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MD4/5 Password Encryption And How It Works.

When you make a regular, unsecured FTP connection (Non-SSL), passwords are sent across the Internet in clear text format where anyone with the know how to could read them. Using an advanced password scheme called S/Key, SmartFTP can prevent password interception when used in conjunction with compatible servers.

When a user connects to an S/Key-enabled FTP server, the server sends a special string back to the client, instead of just asking for the client's password. The client takes this special string, using a process known as "hashing," combines it with your regular password to create a special one-time-only password, which is then sent back to the server. The server performs the same process using your password, and if the two one-time-only passwords are identical, you are successfully logged in. When you use this method, your actual password is never sent across the Internet. If someone were to intercept the one- time-only password, it would be useless, because the next time the hashing sequence is performed, the password would not work anymore.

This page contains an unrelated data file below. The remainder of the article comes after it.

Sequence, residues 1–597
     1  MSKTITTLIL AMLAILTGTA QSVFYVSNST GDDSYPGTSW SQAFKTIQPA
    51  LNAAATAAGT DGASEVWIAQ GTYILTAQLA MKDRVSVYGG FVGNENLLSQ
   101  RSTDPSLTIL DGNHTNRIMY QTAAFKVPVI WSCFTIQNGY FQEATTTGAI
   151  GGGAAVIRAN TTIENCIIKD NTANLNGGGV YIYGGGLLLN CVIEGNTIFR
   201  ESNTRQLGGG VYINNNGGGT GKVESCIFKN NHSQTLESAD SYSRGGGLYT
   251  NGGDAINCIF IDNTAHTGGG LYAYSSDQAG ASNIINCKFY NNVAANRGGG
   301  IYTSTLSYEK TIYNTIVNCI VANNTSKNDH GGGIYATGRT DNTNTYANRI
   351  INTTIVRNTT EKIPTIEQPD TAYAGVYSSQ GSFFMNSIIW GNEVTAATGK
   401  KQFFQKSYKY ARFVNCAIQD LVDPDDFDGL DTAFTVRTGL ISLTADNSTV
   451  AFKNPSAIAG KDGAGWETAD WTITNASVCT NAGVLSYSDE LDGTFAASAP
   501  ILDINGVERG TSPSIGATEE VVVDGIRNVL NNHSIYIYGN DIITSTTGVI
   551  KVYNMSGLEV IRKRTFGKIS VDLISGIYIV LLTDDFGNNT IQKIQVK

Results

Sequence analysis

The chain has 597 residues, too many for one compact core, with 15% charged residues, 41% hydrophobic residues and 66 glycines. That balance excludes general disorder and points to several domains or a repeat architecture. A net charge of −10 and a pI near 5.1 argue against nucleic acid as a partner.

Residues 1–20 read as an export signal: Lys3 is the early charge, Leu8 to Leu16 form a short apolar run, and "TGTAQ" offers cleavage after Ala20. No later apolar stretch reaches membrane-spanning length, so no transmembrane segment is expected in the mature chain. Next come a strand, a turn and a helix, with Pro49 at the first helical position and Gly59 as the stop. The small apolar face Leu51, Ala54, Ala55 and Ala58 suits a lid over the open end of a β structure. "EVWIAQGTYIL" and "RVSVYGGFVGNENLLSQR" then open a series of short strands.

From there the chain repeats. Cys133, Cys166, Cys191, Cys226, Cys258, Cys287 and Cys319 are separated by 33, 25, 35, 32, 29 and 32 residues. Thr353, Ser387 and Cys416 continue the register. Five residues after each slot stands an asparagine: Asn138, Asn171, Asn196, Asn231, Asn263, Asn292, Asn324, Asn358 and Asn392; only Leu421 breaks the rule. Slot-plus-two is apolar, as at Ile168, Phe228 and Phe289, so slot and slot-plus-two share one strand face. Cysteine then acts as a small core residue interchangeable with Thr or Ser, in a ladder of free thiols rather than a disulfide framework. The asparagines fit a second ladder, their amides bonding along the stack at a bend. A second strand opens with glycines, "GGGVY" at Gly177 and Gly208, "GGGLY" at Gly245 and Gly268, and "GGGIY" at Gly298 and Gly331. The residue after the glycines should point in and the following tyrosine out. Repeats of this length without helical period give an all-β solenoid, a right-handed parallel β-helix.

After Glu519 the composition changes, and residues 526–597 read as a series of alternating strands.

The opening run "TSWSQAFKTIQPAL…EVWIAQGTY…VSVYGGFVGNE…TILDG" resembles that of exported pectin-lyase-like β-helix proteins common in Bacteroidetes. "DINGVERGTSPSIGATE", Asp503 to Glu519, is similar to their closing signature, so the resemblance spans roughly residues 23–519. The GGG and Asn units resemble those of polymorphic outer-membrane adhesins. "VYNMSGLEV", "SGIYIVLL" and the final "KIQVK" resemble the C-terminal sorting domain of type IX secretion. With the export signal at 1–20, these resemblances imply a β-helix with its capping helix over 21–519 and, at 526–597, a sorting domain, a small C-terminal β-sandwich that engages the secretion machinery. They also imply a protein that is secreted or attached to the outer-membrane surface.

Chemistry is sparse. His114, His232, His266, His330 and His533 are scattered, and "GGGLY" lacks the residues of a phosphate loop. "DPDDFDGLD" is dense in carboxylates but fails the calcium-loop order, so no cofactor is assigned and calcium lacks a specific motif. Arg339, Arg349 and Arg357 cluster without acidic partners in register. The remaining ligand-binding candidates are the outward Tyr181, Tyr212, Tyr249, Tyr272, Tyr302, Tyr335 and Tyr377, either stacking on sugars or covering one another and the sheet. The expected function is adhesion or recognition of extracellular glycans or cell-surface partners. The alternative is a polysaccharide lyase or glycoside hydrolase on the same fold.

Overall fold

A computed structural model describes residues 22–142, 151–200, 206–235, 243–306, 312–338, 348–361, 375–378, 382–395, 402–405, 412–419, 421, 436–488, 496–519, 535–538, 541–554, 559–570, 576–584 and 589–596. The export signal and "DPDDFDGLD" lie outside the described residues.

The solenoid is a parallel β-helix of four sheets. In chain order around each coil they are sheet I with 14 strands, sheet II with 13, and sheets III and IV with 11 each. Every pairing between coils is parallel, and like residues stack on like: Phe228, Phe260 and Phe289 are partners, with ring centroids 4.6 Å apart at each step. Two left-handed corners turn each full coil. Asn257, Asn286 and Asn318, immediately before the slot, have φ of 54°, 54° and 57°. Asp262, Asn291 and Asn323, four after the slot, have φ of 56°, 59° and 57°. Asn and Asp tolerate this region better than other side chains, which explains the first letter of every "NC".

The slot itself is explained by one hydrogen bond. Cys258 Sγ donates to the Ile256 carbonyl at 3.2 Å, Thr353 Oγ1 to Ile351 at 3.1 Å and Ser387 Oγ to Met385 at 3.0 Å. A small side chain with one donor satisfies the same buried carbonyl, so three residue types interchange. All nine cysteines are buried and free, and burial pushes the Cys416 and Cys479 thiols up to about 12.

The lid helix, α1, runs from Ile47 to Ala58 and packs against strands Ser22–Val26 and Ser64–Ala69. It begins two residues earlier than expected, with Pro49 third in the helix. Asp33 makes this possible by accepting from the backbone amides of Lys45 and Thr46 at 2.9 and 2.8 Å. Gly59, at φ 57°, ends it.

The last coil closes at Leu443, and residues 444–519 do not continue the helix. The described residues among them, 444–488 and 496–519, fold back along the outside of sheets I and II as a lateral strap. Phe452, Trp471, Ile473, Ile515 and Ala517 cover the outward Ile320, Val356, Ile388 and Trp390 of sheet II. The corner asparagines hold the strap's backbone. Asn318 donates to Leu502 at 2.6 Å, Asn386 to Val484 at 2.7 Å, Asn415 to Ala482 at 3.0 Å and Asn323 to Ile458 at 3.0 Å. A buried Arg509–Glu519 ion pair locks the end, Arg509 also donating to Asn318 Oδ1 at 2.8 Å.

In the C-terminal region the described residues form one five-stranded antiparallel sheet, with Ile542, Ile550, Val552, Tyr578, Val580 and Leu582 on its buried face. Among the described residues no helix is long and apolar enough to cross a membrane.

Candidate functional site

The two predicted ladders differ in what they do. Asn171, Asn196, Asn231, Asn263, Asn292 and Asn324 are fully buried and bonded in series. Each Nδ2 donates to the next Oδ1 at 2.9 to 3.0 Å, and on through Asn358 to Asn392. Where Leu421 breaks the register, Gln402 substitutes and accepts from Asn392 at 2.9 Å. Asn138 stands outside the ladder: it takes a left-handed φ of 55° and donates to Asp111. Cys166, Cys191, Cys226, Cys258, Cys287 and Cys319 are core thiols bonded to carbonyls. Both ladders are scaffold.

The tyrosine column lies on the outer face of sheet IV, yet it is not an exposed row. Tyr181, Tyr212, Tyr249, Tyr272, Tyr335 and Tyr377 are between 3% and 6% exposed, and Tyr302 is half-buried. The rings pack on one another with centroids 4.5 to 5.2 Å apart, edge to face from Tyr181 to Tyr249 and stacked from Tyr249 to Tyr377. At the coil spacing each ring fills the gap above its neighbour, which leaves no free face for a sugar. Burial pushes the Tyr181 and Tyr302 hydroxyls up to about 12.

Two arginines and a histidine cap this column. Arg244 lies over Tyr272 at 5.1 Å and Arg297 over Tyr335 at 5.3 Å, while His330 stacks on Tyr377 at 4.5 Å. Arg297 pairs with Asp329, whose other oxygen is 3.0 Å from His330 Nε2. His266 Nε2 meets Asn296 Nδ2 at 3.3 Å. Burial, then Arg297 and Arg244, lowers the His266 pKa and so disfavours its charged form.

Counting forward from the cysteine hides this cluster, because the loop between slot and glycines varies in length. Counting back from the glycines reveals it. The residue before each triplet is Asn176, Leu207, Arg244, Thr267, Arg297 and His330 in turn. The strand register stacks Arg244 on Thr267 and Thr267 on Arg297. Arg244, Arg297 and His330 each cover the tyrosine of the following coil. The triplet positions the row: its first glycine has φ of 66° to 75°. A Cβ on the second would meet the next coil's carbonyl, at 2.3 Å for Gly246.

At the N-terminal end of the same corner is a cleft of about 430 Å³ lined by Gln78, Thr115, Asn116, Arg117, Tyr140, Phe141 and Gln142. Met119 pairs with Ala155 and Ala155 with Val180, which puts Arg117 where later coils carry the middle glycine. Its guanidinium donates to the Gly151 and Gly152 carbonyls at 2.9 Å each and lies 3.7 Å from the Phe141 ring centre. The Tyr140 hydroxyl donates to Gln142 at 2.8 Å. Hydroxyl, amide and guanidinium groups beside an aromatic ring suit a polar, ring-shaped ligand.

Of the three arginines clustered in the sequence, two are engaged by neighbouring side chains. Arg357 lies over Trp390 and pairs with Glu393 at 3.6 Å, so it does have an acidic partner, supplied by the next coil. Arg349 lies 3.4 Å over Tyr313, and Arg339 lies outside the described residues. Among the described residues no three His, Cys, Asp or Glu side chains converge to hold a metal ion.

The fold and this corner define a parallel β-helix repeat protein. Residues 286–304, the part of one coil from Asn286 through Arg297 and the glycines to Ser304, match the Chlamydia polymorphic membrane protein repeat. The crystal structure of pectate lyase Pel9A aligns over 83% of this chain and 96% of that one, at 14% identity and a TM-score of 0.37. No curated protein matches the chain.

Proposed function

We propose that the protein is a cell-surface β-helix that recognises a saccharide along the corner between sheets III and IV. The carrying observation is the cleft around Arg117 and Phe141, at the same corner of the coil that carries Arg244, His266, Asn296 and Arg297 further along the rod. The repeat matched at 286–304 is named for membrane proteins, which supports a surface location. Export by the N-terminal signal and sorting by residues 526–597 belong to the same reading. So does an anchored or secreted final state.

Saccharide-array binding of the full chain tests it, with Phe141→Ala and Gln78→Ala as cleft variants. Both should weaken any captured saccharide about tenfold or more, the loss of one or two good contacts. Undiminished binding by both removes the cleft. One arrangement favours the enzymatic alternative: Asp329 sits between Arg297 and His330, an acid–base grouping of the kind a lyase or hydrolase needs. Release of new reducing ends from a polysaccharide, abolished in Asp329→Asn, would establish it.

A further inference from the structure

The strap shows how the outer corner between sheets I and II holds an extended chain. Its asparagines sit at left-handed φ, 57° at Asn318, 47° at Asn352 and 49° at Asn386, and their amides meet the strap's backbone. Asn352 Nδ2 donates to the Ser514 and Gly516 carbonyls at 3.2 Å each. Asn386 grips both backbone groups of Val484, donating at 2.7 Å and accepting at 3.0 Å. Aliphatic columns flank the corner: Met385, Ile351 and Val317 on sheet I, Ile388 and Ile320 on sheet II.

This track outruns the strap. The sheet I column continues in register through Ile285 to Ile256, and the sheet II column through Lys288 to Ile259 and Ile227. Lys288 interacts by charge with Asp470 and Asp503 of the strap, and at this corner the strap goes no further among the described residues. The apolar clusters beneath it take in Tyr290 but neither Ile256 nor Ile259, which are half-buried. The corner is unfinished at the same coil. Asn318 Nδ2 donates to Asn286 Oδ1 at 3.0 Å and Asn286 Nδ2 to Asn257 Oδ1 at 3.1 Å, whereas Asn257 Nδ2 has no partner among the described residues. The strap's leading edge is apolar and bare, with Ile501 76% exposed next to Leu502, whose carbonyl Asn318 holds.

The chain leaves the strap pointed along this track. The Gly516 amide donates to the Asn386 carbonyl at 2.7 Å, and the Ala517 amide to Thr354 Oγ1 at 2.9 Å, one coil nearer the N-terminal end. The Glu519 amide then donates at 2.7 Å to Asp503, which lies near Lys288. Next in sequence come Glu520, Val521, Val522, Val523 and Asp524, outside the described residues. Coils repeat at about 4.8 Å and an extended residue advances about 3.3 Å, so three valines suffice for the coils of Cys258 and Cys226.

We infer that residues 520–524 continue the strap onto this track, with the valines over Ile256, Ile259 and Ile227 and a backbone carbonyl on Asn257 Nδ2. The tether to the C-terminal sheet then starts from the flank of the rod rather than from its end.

Nevertheless, it is important to remember that there are only a few windows ftp server softwares that currently support the S/Key method.

Note: SmartFTP automatically enables this function if available. The user does not need to enable anything for this feature to kick in.

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